Chair DeLauro Statement at Security of the Capitol Campus since the Attack of January 6, 2021 Hearing
Congresswoman Rosa DeLauro (D-CT-03), Chair of the House Appropriations Committee, delivered the following remarks at the Legislative Branch Appropriations Subcommittee hearing on Security of the Capitol Campus since the Attack of January 6, 2021:
Thank you for the hearing this morning. I want to say a thank you to our guests, General Walker, Chief of Police Manger, and Mr. Blanton, for testifying today.
On January 6, 2021, our nation gazed into the abyss – and understood more fully than ever before that democracy, and our democracy, is fragile. A year later, it is still difficult to comprehend the gravity of this attack on our democracy. And I will never forget that amid this insurrection, Capitol Police told us to “hit the floor” and “grab the gas masks under [our] seats” – as the mob headed for the House chamber.
Because of these brave women and men, our democracy proved its resilience: our institutions withstood the threat and we overcame the chaos. In recognition of their sacrifice and to uphold our responsibility to protect the Republic, this Committee passed into law almost a billion dollars to fund the Capitol Police and secure the United States Capitol – the citadel of democracy.
With funding provided in the security supplemental, the Capitol Police have made changes over the past year in five critical areas: training, equipment and personnel, operational planning, the Civil Disturbance Unit, and intelligence and incident command.
But they still need our help. One year after the horrors of that day the Capitol Police are still recovering. While their physical wounds may have healed, there is still so much more they will need to rebuild.
Over the past year, 135 Capitol Police officers have retired or resigned, leaving the force dangerously depleted. Those serious manpower challenges have also made it harder to take officers away from their posts for the training they need.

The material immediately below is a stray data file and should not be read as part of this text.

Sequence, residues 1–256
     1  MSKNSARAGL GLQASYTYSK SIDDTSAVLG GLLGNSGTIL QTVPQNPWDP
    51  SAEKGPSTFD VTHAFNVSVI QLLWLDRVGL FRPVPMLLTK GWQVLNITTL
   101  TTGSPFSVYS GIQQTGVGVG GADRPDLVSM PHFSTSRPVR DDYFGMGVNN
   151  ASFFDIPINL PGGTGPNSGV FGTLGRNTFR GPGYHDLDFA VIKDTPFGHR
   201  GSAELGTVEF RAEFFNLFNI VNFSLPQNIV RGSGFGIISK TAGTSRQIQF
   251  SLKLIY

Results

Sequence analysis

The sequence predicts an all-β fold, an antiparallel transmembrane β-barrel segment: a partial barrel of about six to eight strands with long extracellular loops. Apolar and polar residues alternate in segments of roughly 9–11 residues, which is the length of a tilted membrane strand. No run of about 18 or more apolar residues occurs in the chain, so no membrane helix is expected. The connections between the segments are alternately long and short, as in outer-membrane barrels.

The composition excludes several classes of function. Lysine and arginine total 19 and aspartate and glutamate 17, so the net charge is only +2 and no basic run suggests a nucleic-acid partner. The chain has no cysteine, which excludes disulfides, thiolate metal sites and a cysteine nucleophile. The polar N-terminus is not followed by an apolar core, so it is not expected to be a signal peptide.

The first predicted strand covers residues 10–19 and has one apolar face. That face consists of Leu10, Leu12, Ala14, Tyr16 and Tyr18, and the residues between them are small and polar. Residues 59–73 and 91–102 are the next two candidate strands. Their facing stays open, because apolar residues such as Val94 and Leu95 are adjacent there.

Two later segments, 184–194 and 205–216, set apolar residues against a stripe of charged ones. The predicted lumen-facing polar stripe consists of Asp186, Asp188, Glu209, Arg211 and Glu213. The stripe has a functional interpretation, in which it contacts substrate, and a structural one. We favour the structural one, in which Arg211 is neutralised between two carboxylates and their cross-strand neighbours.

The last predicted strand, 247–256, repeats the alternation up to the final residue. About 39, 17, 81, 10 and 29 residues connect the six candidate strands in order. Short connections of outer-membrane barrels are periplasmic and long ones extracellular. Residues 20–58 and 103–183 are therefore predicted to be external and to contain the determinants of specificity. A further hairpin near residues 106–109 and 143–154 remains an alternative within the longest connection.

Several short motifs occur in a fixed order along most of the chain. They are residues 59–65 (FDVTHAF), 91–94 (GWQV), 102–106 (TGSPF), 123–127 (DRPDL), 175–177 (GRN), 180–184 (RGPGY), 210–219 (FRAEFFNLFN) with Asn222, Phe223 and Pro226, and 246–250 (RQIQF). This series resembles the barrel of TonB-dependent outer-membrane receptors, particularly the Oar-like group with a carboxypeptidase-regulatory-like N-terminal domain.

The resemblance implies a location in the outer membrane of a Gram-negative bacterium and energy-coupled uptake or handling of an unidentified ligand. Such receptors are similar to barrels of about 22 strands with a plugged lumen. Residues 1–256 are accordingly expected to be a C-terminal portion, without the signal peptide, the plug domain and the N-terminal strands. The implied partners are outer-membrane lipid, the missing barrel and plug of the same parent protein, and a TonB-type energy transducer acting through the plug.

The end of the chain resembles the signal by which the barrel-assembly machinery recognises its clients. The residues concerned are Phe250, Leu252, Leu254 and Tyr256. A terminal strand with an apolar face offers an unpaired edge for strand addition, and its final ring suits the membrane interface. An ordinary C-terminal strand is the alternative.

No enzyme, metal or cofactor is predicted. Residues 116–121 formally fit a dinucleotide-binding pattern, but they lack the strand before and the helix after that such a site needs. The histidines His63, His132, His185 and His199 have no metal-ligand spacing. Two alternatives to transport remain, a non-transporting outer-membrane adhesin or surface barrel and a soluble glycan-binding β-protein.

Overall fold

For instance, I have heard directly from officers that they need more and more frequent trainings. I heard from one on January 6 about training in the Capitol itself, and that we haven’t done anything like that by way of training since 2007. So especially within the Capitol. We also know that the Capitol Police itself has identified the need for more training staff and a larger training facility that could better accommodate the force’s size and mission.
I also understand that, while progress has been made, there continue to be concerns about the adequacy of equipment for officers to protect themselves and this institution. And I hope we can discuss that today.
Finally, my colleagues and I have continuing concerns about security for Members and our office staff in our districts. That came up over and over again from Members about the sense of their security and the security of their families in the districts. And while the House included in the House proposal in the security supplemental, there was funding for member security in their districts as well, that funding was – outrageously, in my view – stripped in the U.S. Senate. The number of potential threats has only grown, so sooner or later we will have to address this issue. And we want to hear your perspective on that matter.
While we have already passed the security supplemental, we can continue to provide funding and oversight through this Subcommittee’s efforts. We have voted in this Committee to increase funding by $88.4 million. But this is being held up as my colleagues on the other side of the aisle are refusing to negotiate appropriations bills.
That intransigence is keeping the Capitol Police stuck at last year’s funding levels and denying these heroes the resources they need to keep the Capitol and all who work and visit here safe.
As the Architect of the Capitol Mr. Blanton put in his testimony, “delayed funding for projects has consequences.”
It is time for Republicans to work with Democrats on government funding legislation that supports the brave women and men of the Capitol Police. We need to honor their sacrifice by providing the certainty that comes with sufficient annual funding.
We need to have this conference process begin and I hope that we can use the insight from this hearing to shape the final legislation.
We want to hear from you, our witnesses: What do you need? How can we help? What reforms, including to the Capitol Police Board, must happen?
By having these discussions, we can continue the long process of helping our community to heal, and by doing so we can keep on moving forwards, persisting in our quest to build a “more perfect union.”
With that, I thank Chairman Ryan and Ranking Member Herrera Beutler and I yield back.